Sebastian Bernizet. “Carte des Parties des Iles Sandwich”/”Carte des Iles Sandwich.” From Jean Francois de Galoup La Pérouse’s Atlas de Voyage de la Pérouse. Paris, 1797. 26 3/4 x 19 1/2. Engraving. With some soft creases and small chip in neatline at top.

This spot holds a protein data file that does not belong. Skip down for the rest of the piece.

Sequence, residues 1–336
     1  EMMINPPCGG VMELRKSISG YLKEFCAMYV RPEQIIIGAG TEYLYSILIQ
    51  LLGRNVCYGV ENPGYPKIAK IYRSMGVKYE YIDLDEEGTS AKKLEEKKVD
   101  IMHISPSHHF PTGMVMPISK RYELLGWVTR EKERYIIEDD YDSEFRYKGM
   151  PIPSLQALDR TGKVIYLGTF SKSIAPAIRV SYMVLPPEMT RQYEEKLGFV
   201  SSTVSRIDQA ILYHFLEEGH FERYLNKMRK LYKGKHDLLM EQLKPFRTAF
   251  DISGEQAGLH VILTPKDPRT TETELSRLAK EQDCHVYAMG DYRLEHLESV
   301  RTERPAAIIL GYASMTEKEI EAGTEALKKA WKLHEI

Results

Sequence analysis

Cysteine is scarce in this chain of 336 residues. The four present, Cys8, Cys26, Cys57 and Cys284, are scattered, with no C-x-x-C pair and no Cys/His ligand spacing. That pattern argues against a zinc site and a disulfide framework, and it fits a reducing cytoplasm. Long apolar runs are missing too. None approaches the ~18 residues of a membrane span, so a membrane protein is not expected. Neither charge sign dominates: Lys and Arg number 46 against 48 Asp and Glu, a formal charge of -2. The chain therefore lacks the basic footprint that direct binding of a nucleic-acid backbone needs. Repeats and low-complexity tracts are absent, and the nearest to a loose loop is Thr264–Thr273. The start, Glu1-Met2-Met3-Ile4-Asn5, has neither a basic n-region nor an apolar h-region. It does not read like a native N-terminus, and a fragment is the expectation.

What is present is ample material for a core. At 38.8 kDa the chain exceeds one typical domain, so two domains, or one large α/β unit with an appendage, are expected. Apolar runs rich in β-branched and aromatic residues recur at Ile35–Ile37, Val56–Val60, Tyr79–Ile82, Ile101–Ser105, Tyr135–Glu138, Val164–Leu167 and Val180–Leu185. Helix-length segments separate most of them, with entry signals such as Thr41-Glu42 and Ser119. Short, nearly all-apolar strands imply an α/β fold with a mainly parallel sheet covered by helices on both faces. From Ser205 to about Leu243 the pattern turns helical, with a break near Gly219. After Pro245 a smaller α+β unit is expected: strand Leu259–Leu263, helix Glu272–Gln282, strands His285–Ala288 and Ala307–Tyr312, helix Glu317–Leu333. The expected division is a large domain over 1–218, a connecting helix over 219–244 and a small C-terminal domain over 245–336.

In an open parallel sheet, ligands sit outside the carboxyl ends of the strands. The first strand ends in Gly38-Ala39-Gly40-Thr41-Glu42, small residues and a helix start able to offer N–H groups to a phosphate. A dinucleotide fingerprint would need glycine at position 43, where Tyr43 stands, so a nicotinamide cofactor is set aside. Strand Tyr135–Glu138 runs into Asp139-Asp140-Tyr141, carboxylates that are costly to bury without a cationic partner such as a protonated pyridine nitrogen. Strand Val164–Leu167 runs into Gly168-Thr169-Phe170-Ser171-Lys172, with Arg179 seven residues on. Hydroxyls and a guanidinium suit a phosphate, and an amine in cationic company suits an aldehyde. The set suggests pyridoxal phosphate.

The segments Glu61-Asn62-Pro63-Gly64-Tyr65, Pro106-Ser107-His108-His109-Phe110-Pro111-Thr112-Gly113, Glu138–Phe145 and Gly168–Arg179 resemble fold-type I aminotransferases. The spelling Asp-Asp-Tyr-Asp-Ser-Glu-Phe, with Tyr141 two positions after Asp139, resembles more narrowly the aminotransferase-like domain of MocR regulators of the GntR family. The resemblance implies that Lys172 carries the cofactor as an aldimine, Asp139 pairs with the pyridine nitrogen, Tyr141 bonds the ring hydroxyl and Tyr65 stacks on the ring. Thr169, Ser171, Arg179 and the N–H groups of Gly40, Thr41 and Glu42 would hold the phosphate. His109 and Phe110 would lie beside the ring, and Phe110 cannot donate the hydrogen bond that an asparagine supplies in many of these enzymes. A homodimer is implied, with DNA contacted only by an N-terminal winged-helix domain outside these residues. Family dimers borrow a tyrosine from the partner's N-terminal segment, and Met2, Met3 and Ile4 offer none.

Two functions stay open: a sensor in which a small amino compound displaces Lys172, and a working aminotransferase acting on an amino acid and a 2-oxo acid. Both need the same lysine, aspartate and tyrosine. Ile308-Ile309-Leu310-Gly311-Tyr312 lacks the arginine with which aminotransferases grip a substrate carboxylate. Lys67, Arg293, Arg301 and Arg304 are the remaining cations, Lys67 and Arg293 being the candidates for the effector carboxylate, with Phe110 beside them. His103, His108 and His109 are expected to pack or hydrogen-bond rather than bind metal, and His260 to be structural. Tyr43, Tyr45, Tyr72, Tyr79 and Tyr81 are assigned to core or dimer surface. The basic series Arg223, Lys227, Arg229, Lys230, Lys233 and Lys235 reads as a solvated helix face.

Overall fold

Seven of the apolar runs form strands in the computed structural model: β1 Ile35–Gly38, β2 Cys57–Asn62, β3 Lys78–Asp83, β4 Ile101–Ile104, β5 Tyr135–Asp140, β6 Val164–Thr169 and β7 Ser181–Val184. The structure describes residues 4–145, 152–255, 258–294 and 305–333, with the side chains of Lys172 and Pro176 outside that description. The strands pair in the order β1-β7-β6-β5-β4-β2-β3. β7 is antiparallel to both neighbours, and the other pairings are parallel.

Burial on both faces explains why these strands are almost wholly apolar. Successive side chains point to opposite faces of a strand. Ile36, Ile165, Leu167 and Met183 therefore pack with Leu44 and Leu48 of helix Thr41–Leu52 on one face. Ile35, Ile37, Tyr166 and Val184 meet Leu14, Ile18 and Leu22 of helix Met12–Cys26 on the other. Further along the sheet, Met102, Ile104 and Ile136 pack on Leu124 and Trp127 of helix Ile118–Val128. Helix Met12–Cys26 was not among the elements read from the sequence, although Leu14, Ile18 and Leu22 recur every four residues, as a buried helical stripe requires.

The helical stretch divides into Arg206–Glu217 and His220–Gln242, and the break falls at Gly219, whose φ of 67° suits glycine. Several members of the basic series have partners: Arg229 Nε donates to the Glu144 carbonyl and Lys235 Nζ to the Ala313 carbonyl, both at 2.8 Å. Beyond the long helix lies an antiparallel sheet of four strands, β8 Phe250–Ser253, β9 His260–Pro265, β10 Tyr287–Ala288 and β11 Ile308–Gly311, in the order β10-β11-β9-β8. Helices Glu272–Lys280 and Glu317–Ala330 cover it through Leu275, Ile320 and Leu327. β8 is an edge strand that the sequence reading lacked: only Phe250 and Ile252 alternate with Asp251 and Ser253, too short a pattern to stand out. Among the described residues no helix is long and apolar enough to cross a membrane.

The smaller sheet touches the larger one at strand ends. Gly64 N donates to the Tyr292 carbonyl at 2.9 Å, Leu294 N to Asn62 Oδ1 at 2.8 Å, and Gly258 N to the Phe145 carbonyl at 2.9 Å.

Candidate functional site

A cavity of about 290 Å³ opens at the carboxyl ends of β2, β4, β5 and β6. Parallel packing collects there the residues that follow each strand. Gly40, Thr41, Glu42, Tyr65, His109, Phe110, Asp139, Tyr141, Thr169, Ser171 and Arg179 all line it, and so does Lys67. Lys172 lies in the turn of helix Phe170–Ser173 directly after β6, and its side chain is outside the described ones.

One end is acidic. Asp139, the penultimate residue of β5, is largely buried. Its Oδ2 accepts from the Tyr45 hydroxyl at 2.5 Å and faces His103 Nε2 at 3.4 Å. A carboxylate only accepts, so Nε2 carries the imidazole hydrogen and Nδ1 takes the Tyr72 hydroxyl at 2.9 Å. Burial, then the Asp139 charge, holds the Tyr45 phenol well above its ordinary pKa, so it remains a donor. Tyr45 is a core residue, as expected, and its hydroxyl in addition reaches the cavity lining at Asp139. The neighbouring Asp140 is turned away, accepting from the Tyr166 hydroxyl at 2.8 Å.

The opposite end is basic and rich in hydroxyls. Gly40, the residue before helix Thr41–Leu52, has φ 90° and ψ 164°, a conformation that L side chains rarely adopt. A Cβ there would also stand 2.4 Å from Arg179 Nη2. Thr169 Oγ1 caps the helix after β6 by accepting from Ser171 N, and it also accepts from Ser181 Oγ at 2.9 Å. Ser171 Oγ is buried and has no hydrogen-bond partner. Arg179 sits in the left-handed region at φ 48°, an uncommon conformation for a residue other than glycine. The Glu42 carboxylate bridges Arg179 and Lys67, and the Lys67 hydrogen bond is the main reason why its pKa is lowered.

A lovely chain of islands in the mid-Pacific were discovered in 1778 by Captain James Cook. Cook named the islands the “Sandwich Islands” after his patron, the Earl of Sandwich, but over time their name returned to the indigenous name of “Hawaii.” The expedition’s cartographer, Henry Roberts, was able to map only a part of the chain, so Cook’s map, the first of Hawaii, was incomplete, with much of the middle part of the island group unexplored. This was corrected a few years later by a French expedition under the Comte de La Pérouse. The French were inspired by their rivalry with the English to try to follow up Cook’s expedition in the Pacific with one of their own under La Pérouse. He sailed with two ships and an extensive library, including the narrative of Cook, arriving in Hawaii in 1786. The expedition was able to explore some of the chain not visited by Cook and that is shown on the top map by Pérouse’s cartographer Sebastian Bernizet. The lower map is a compilation by Bernizet of his own mapping with that from Cook’s expedition. There were few 18th century maps of Hawaii based on first-hand observation and this is a fine example of such a chart.